Recently, I saw a post where someone said that work/life balance was bull$5iT, and as you can imagine, the chat discussion ensued. “Why are you so negative?” “Oh, I believe this 100%.” “Well, you can’t tell someone else what is for them?” The statement and comments got me thinking about how we define work/life balance for ourselves and how difficult it is for us to allow others to do the same.
A few years ago, I taught an online course from my cabin while sailing the Caribbean. Another time, I graded papers in the ship’s library. Both times, when I shared during dinner that I was heading to get some work done, my sharing was meant with disapproving comments and wrinkled brows.
A month ago, I was on another cruise. I stepped out of the elevator, laptop in hand, a woman walking by looked at my laptop and said, “Oh, you look like you’re about to do some work!” There was that smile and subtle yet disapproving tone again. I smiled back and responded, “Yes! Isn’t it wonderful that I can get work done while on a cruise ship?!” She looked surprised by my response. I made my way to the cafe. I’d been working about an hour or so when one of the two men sitting at the window across from me made eye contact. We smiled at each other, I nodded hello, and one gentleman said, “Oh my goodness… you’re working aren’t you!?” This was accompanied by slightly humorous yet identifiably disapproving facial expressions from both men. I laughed and said, “Yes. Isn’t it great that I can get work done while on this ship!?”
This time, my patented response wasn’t enough. These men felt compelled to voice how unfortunate it was that I couldn’t leave my work at home while on vacation. After all, it was supposed to be a vacation, right? This was a clear indication that my work/life balance situation was off … or something like that. I invited them to take in our surroundings, “Look at that incredible view. How can I feel bad about getting work done when I get to look out over this beautiful ocean?” They agreed that the view was beautiful, but they weren’t buying for one minute that I was “ok” with “having” to work while on vacation. I shared a bit more, “I will be on this trip for 8 days. I will return home for one week, and then, I will be off for 10 days to help a friend with a project in Ghana. Five days after returning from that trip, is a vacation with my mother. We will spend a few days in Australia before embarking on yet another jazz cruise. By my calculations that amounts to more than 3 weeks of vacation over the next 5 to 6 weeks and it’s just March. That being the case, I am perfectly happy getting some work done during my travels.” Their jaws dropped, and then one muttered, “Wow, I retired from my last job after 20 years, and I only had 3 weeks of vacation time.” Me, “Exactly!”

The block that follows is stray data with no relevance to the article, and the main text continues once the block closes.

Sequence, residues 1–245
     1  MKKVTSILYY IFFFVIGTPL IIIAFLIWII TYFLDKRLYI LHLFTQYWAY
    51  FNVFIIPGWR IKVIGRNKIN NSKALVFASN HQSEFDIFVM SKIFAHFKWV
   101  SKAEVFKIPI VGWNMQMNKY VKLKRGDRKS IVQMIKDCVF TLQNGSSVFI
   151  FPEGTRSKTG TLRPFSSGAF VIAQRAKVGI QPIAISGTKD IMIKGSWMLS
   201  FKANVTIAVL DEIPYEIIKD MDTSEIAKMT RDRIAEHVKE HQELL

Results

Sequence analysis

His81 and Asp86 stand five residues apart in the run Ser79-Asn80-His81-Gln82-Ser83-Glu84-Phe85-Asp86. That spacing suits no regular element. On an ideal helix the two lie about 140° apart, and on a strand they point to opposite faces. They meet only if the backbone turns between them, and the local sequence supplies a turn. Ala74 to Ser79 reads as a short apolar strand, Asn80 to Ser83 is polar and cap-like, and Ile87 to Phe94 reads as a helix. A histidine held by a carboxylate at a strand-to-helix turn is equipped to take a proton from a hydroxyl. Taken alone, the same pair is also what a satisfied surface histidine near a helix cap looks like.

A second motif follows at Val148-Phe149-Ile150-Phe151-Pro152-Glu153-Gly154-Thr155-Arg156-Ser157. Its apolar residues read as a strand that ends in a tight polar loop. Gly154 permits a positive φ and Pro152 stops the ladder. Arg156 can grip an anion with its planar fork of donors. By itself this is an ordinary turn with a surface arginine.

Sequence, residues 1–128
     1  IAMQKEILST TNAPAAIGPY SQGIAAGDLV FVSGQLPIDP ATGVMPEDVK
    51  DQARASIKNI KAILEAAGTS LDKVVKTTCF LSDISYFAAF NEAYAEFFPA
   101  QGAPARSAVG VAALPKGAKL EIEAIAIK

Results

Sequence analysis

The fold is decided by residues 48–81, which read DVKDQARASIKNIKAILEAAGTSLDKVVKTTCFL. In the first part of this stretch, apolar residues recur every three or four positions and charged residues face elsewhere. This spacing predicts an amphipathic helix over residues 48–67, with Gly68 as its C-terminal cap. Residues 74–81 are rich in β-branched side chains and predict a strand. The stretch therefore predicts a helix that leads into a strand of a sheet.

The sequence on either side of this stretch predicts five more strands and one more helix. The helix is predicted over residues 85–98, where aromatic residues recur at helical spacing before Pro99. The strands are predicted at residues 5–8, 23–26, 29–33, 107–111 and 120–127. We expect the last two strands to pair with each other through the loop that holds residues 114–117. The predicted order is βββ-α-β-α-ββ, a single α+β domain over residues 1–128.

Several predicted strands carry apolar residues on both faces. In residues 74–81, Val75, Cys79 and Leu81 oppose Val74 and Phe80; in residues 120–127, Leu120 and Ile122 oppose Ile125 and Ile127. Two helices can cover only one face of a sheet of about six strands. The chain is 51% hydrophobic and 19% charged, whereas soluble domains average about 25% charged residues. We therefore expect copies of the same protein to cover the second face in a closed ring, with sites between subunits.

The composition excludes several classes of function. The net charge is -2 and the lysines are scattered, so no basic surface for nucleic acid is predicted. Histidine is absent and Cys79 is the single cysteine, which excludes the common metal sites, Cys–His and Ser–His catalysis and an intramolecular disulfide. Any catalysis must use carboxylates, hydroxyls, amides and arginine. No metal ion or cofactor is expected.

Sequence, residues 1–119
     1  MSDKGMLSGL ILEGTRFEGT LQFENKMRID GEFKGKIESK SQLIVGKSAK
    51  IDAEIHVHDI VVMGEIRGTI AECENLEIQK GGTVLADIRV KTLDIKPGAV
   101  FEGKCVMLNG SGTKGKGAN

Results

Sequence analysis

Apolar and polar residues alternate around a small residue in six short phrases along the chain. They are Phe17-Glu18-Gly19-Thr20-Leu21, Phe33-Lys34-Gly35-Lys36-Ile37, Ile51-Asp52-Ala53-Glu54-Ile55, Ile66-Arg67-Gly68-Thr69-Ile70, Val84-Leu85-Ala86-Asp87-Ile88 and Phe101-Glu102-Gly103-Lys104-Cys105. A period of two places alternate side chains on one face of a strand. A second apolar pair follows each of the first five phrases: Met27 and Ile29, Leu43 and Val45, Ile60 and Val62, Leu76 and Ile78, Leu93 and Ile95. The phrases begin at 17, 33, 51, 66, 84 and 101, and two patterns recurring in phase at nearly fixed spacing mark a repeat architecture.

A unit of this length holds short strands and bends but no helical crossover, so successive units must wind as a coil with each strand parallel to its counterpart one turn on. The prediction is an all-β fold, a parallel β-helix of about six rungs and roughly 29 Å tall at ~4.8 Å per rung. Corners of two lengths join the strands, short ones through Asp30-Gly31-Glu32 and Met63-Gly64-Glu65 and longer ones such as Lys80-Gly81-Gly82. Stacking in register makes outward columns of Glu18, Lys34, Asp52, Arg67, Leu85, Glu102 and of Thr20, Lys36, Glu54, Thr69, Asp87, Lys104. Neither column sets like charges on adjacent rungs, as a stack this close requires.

What Works for Me, Works for Me
You see, my trade-off isn’t a trade-off, it’s a choice. Matter-of-fact, it’s an answered prayer. Years ago, I read an article about working while on vacation. The author wrote, that he didn’t want a job, career, or a life that he had to escape from in the form of a vacation. That resonated with me. I actually wanted a way to earn money while on vacation. For me, the idea of balance is about flow. It’s me determining how well I can flow between roles and responsibilities … whether they be personal or professional? When I feel that I am transitioning fluidly and comfortably within or between the personal and professional, I’m at my best.
It Works Both Ways
I have also learned to turn business trips into mini getaways. I go in a day or two early or plan to stay a day or two longer. Then, I find places to go and things to do that allow me to learn about the history or the culture of the area. Sometimes, I create my own spa experiences right in my hotel room. My business partner has rightfully accused me of being able to turn almost anything into a vacation. He’s correct!
What Works for You?
Determine what works for YOU. Then, align your life so you can bring it into existence. Be ok with leaving everyone else to find the flow that gives them a sense of balance. This concept of balance is not one size fits all; nor, is about whether or not you use the word balance. It’s about you figuring out what “it,” whatever you want to call it, looks like and feels like in your life? There will still be challenges to face and problems to solve, but when you’re in your flow, you will trust in your ability to adapt. In your flow, you will use your energy and time more efficiently.
I Aim for Flow
I’m good with spending two hours having an incredible cup of coffee, in the lounge of a cruise ship sailing the Caribbean; making a call from Venice to check on a client; or getting on What’s App from Ghana to finalize a deliverable. All this reminded me that it’s time to update my 6-year-old vision board. On it, I put a section that reads, “My corner office has a great view.” The view is overlooking a pool at a resort. So, if you see me working while on vacation – celebrate me. This, was my vision. I’m growing comfortably into the future I designed for myself. My life is working for me. I’m flowing in my life’s stream. You get the idea…
Dr. Lisa Summerour is a transformational coach, speaker, author, and consultant. Her clients learn to give themselves permission to lead their best selves forward through accountability, self-care, and honest dialogue. Dr. Lisa’s clients are becoming speakers, entrepreneurs, embracers of change, and empowered by utilizing strengths they simply needed to acknowledge and nurture.